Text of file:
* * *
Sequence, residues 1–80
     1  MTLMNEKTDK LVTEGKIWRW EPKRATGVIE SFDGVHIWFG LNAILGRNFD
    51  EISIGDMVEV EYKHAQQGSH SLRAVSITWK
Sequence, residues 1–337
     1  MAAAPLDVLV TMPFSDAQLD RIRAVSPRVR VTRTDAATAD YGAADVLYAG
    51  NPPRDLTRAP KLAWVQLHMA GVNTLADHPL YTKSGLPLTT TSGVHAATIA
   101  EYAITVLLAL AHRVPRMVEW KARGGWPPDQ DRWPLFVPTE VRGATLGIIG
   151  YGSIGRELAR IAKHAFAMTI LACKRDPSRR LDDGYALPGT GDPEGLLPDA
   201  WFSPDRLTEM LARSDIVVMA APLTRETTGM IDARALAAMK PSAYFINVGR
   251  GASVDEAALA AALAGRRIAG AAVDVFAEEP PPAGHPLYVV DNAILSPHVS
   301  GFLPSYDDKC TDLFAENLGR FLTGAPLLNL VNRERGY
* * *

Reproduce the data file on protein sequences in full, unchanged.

Sequence, residues 1–80
     1  MTLMNEKTDK LVTEGKIWRW EPKRATGVIE SFDGVHIWFG LNAILGRNFD
    51  EISIGDMVEV EYKHAQQGSH SLRAVSITWK
Sequence, residues 1–337
     1  MAAAPLDVLV TMPFSDAQLD RIRAVSPRVR VTRTDAATAD YGAADVLYAG
    51  NPPRDLTRAP KLAWVQLHMA GVNTLADHPL YTKSGLPLTT TSGVHAATIA
   101  EYAITVLLAL AHRVPRMVEW KARGGWPPDQ DRWPLFVPTE VRGATLGIIG
   151  YGSIGRELAR IAKHAFAMTI LACKRDPSRR LDDGYALPGT GDPEGLLPDA
   201  WFSPDRLTEM LARSDIVVMA APLTRETTGM IDARALAAMK PSAYFINVGR
   251  GASVDEAALA AALAGRRIAG AAVDVFAEEP PPAGHPLYVV DNAILSPHVS
   301  GFLPSYDDKC TDLFAENLGR FLTGAPLLNL VNRERGY